November 2009

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It looks like Seattle police may think the Sunday morning shooting deaths of four Lakewood police officers was the work of a guy who was reportedly out on $150,000 bail from another couple of crimes. However, the thing that everyone’s going to be talking about is the fact that he had previously been sentenced to a 95-year sentence in Arkansas, but he was released early after his sentence was commuted by then-Governor and former—and presumably future—Republican presidential contender Mike Huckabee.

For Huckabee, this could be a Willie Horton moment. The suspect is even black like Horton, meaning that Huckabee’s defenders will get to call his detractors racists. If the discussion of the political implications for Huckabee goes on more than a couple of days, then I predict that this will mark the beginning of the 2012 campaign season.

I’m more worried that it will lead to an election-fueled backlash against lenient treatment of prisoners. Don’t get me wrong, I’m not saying that a guy who kills four cops should be let out the door, and if our legislators can craft a fine-tuned change to the law to prevent such catatrophes, I’m all for it.

The thing is, our legislators can’t do that. Oh, they might start with a law that only punishes the truly violent and depraved, but then they will slide down that slippery slope of harsher and harsher sentences until the prison population grows by yet another million.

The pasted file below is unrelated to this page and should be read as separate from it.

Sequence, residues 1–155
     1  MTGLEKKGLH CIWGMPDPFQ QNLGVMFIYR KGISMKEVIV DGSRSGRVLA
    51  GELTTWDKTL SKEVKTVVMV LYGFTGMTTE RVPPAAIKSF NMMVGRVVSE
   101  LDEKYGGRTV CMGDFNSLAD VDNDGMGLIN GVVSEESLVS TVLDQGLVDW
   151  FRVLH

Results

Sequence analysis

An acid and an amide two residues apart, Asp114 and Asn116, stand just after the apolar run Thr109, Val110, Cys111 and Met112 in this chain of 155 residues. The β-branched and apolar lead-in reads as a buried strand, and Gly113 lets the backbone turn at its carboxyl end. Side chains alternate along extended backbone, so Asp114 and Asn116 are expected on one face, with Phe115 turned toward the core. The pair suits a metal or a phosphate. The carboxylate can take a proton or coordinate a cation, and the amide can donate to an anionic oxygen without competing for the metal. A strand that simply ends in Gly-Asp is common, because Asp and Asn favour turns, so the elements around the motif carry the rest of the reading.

Remember the “three strikes” laws? They were supposed to hit repeat violent offenders with really long sentences so they can’t anyone else. The concept has devolved over the years to include harsh sentences for smaller and smaller crimes, including victimless crimes like drug dealing. In some places, a few grams of cocaine can land you in jail for 20 years if you have prior offenses. A repeat DUI offender can get a 55-year sentence in Texas.

It’s not hard to imagine this incident touching off another round of “get tough on crime” bills—some of them named after the dead police officers, no doubt—that miss the mark and hurt a lot of people who don’t deserve it.

Or maybe I’m the one who’s over-reacting and nothing like that will happen.

For the last twenty years or so, my wife and I have spent every Thanksgiving with my parents. However, my parents both passed away this year. Everyone says the holidays are hard times after a loss, and I’ve had two of them, so I’ve been a bit concerned about how this Thanksgiving would go. Fortunately, some good friends have invited us to join them for dinner.

This year, my friends have helped me through a lot, and they’re still helping. This Thanksgiving, I’m thankful for my friends.

I’m guessing that most of you are neither lawyers nor career criminals, which means that, like me, your most significant role in the criminal justice system is probably going to be juror. As Norm Pattis explains, this means you’re going to be kept in the dark: